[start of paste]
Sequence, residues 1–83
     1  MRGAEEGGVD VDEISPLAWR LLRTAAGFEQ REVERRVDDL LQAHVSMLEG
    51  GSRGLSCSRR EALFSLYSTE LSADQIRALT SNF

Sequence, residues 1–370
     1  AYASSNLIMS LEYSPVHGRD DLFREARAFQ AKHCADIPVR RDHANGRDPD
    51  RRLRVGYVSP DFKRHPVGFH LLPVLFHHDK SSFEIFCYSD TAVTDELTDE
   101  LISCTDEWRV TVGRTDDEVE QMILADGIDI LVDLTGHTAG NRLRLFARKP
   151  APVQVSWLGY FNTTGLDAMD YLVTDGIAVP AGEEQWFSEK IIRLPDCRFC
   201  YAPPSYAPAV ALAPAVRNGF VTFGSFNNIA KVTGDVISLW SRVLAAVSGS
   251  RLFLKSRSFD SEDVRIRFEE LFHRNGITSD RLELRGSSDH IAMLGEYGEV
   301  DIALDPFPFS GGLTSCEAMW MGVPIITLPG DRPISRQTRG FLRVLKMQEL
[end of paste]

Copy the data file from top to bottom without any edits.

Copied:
Sequence, residues 1–83
     1  MRGAEEGGVD VDEISPLAWR LLRTAAGFEQ REVERRVDDL LQAHVSMLEG
    51  GSRGLSCSRR EALFSLYSTE LSADQIRALT SNF

Sequence, residues 1–370
     1  AYASSNLIMS LEYSPVHGRD DLFREARAFQ AKHCADIPVR RDHANGRDPD
    51  RRLRVGYVSP DFKRHPVGFH LLPVLFHHDK SSFEIFCYSD TAVTDELTDE
   101  LISCTDEWRV TVGRTDDEVE QMILADGIDI LVDLTGHTAG NRLRLFARKP
   151  APVQVSWLGY FNTTGLDAMD YLVTDGIAVP AGEEQWFSEK IIRLPDCRFC
   201  YAPPSYAPAV ALAPAVRNGF VTFGSFNNIA KVTGDVISLW SRVLAAVSGS
   251  RLFLKSRSFD SEDVRIRFEE LFHRNGITSD RLELRGSSDH IAMLGEYGEV
   301  DIALDPFPFS GGLTSCEAMW MGVPIITLPG DRPISRQTRG FLRVLKMQEL